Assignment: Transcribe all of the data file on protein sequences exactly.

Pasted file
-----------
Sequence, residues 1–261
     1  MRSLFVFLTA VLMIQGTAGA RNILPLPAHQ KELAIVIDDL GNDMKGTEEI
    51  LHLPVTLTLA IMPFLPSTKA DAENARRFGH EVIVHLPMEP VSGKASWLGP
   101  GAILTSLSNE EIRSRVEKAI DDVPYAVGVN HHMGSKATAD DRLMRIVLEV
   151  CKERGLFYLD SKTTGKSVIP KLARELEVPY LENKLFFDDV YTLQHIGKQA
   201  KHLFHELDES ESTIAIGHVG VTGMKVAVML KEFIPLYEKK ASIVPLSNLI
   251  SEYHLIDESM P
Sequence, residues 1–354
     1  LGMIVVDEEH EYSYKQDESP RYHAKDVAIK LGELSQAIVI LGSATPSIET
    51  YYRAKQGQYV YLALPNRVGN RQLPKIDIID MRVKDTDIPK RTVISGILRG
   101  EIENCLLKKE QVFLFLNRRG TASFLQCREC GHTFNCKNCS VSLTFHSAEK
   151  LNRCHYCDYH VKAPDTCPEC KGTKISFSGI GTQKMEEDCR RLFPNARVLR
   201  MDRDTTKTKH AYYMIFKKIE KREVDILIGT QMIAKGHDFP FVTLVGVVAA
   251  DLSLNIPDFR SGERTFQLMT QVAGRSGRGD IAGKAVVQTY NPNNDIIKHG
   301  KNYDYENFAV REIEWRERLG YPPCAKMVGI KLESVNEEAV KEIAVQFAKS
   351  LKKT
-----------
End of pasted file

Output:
Sequence, residues 1–261
     1  MRSLFVFLTA VLMIQGTAGA RNILPLPAHQ KELAIVIDDL GNDMKGTEEI
    51  LHLPVTLTLA IMPFLPSTKA DAENARRFGH EVIVHLPMEP VSGKASWLGP
   101  GAILTSLSNE EIRSRVEKAI DDVPYAVGVN HHMGSKATAD DRLMRIVLEV
   151  CKERGLFYLD SKTTGKSVIP KLARELEVPY LENKLFFDDV YTLQHIGKQA
   201  KHLFHELDES ESTIAIGHVG VTGMKVAVML KEFIPLYEKK ASIVPLSNLI
   251  SEYHLIDESM P
Sequence, residues 1–354
     1  LGMIVVDEEH EYSYKQDESP RYHAKDVAIK LGELSQAIVI LGSATPSIET
    51  YYRAKQGQYV YLALPNRVGN RQLPKIDIID MRVKDTDIPK RTVISGILRG
   101  EIENCLLKKE QVFLFLNRRG TASFLQCREC GHTFNCKNCS VSLTFHSAEK
   151  LNRCHYCDYH VKAPDTCPEC KGTKISFSGI GTQKMEEDCR RLFPNARVLR
   201  MDRDTTKTKH AYYMIFKKIE KREVDILIGT QMIAKGHDFP FVTLVGVVAA
   251  DLSLNIPDFR SGERTFQLMT QVAGRSGRGD IAGKAVVQTY NPNNDIIKHG
   301  KNYDYENFAV REIEWRERLG YPPCAKMVGI KLESVNEEAV KEIAVQFAKS
   351  LKKT